8. 8. How to Avoid the Seven Biggest Team-Building Blunders5. Failure to establish appropriate normsHow to Avoid the Seven Biggest Team Building BlundersA certain amount of conflict is healthy. Executives aren’t necessarily content experts. Your team could have a C‐suite sponsor who i ’ bj h i L d d h f db k Th i i h lisn’t a subject‐matter authority. Leaders need honest feedback. The communication channels must be wide open. Members shouldn’t view you as a senior executive, but as a facilitator. Spell that out. Describe your role in team terms.  As the leader, your job is to focus and motivate—and at times to make tough decisions. Let everyone know you don’t have all the answers and that you’ll look to the team’s collective expertise.A certain amount of conflict is healthy. It demonstrates that people care about the project. Tolerating dissent allows people to be honest, and it put the team’s interests above the interests of individual members.   To find the right balance:• Encourage collaboration and educated risk‐taking.  g g• Set the right tone and the right reward structure that prompts everyone to  contribute.• Let people know that there may be some degree of ambiguity and that testing different approaches and taking smart risks is necessary for achieving the best result. This means that the answer will not always be clear and that not all efforts will result in immediate success. Most importantly, you should use failure as an opportunity to dig deeper toward a©2010 Profiles International, Inc. All rights reserved.How to Avoid the Seven Biggest Team-Building Blunders | 8
  9. 9. How to Avoid the Seven Biggest Team-Building Blunders6. Weak communication channelsHow to Avoid the Seven Biggest Team Building BlundersThere’s no substitute for understanding the innate behaviors of your team members. We recommend assessing team members in order to understand their individual communication styles. You’ll want to make space for different kinds of conversations and participatory approaches.  Without an objective assessment of how individual team members communicate, collaborate, learn and solve problems, how can you facilitate the best possible communications? There’s no substitute for understanding the innate behaviors of your team members. This knowledge will provide you with a better understanding of their individual styles. It is also important to understand how this impacts communication among team members, and it enables you to anticipate sources of conflict or other challenges. This is especially true when dealing with remote or virtual team members.dealing with remote or virtual team members.• Encourage active listening and ensure influence based on task‐relevant knowledge rather than on status or personal dominance. • Apply your skills as a leader and facilitator to moderate the group and ensure that people have adequate opportunities to contribute.This goes back to establishing norms and rules of engagement, and enforcing these rules when necessary. When you form a team, you might not know everyone on it. You’ll want to get to know each member. A formal assessment of skills and strengths is an effective, time‐tested©2010 Profiles International, Inc. All rights reserved.How to Avoid the Seven Biggest Team-Building Blunders | 9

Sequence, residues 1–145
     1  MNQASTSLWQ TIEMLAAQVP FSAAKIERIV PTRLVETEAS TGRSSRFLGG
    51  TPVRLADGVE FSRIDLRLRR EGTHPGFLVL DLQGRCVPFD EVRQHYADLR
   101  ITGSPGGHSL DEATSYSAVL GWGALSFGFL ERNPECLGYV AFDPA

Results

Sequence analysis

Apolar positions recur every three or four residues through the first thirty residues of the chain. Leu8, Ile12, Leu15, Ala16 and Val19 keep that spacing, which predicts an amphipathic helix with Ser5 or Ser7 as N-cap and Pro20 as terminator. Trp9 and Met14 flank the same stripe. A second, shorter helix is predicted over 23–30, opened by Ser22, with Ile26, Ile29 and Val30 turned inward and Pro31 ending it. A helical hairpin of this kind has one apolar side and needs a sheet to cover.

10. 10. How to Avoid the Seven Biggest Team-Building Blunders7. Insensitivity to diversityHow to Avoid the Seven Biggest Team Building BlundersDiverse viewpoints can lead a team to better problem‐solving.In addition to helping leadership understand individual work styles, assessments also help b i h i h h i l h h Diteam members appreciate the impact that their own styles have on others. Diverse viewpoints can lead a team to better problem‐solving and superior solutions  in the same way that diverse cultures can lead an organization to a deeper understanding of complex global issues.In our practice we help leaders develop strategies for embracing diversity It can be difficultIn our practice, we help leaders develop strategies for embracing diversity. It can be difficult to initiate diversity discussions, especially among members of multicultural teams. But it’s necessary  for leaders to talk with members about how diversity can affect participation. Diversity touches on issues beyond race and gender:• You may have team members for whom English is a second language. You’ll need to ensure they have opportunities to make their points. • You may have members in far‐flung time zones. Most of us are less effective at two o’clock in the morning than at two o’clock in the afternoon. That’s why some teams have platforms for asynchronous communication—so that members can participate in a time‐zone friendly manner.Establish norms and enforce the rules. For example, discrimination on the basis of race, gender, lifestyle, national origin or religion must be dealt with immediately and©2010 Profiles International, Inc. All rights reserved.How to Avoid the Seven Biggest Team-Building Blunders | 10